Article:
By contributor Shanon Fenske
Red Lights and Roulette at the Nanaimo Museum has all the elements of a good crime novel: sex, gambling, corruption, and murder.
“We uncovered stories that could inspire screenplays,” said Interpretation Curator Aimee Greenaway in her February 11 speech at the museum. Focusing from the 1890s to the 1920s, the exhibit displays a side of Nanaimo that is sparsely documented, and largely forgotten.
Nanaimo’s historic red light district occupied a stretch of Fraser St., an area that looks quite different today, she says.
A portion of Fraser St. still exists. The narrow lane leaves the five-point intersection of Wallace St. and Fitzwilliam St. in the Old City Quarter and runs down a steep hill to meet the Terminal Ave. highway. Before it was Terminal Ave., Fraser St. continued along a mud flat until it intersected with Comox Rd.
There were multiple brothels along Fraser St., Greenaway says, including “The Star,” a high-end house of ill-repute so infamous that police didn’t note its street address in their reports.
The exhibit infographics state that between 30 to 40 women probably worked in the industry at any one time. The ladies catered primarily to unmarried loggers and miners, and later to predeployed World War I soldiers as well.
According to census reports on display, brothel owners were usually older women while their employees were typically between 19 and 20 years old.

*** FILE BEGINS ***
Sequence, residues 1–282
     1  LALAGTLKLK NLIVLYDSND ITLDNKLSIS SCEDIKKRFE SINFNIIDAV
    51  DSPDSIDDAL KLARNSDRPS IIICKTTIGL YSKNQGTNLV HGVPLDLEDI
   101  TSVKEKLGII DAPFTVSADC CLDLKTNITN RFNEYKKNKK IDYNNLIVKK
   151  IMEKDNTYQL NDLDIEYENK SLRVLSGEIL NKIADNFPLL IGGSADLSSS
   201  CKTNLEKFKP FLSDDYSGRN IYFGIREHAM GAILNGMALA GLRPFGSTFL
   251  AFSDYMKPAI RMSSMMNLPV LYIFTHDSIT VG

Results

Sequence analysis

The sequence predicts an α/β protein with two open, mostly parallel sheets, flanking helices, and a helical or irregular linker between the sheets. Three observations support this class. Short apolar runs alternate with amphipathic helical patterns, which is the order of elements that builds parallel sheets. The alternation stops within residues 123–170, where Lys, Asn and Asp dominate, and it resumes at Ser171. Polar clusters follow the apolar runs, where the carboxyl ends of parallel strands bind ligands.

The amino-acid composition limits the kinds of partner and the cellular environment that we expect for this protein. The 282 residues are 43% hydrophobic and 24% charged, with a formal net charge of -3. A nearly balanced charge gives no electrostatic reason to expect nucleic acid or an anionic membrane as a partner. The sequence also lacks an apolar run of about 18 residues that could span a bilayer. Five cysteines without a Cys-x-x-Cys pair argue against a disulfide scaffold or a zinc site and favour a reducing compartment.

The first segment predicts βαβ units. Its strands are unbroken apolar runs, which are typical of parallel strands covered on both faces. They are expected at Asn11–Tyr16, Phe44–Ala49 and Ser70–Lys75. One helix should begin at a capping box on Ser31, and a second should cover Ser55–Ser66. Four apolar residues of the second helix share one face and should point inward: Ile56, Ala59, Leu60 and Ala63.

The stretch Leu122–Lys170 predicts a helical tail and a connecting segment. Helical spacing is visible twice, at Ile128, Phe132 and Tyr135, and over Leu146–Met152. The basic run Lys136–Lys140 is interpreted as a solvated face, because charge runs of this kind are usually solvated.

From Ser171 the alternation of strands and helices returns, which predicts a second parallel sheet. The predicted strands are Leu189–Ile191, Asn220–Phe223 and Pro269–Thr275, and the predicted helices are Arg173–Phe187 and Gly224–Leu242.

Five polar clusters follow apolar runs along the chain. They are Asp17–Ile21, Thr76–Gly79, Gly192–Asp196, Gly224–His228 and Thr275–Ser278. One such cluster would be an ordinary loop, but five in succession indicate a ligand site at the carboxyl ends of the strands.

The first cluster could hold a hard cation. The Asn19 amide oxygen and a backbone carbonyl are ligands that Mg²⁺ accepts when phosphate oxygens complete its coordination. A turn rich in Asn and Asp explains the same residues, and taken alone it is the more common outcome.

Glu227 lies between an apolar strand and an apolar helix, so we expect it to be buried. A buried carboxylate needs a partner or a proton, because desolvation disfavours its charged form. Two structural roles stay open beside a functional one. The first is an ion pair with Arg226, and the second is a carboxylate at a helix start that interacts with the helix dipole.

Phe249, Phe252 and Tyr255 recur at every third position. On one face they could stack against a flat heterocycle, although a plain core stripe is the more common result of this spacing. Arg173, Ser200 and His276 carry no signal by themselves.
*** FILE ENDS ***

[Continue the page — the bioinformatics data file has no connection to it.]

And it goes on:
Greenaway credits the Nanaimo Archives for assistance with research. Others, including five museums outside of Nanaimo, were also invaluable. It took a lot of work to uncover the real lives of these women as they usually claimed to be dressmakers to census officials.
The exhibit tells the stories of several of the owners—madams—including one who was murdered in Kimberly in 1934. Another madam died of tuberculosis in 1895. The young son she left behind grew up in an orphanage before turning to a life of crime.
Other characters include an ambitious reverend who spied on police officers who visited the brothels, an officer who was fired a decade later when he was caught engaged in a lewd act, and a doctor who voiced his concerns that most of the operations in Nanaimo were being conducted on women suffering from sexually transmitted diseases.
Visually, the exhibit includes women’s personal effects and undergarments from the era. Old photographs, postcards, census reports, and maps are also on display as well as items related to gambling and early justice.
There is only one known picture of the red light district, Greenaway says. The museum hopes that the awareness generated by the exhibit will uncover other images from personal collections.
Red Lights and Roulette is at the Nanaimo Museum, 100 Museum Way downtown, until May 1. The museum is open Monday to Friday from 10 am to 5 pm, and admission is $1.75 for students and $2 for adults. For more information, visit nanaimomuseum.com.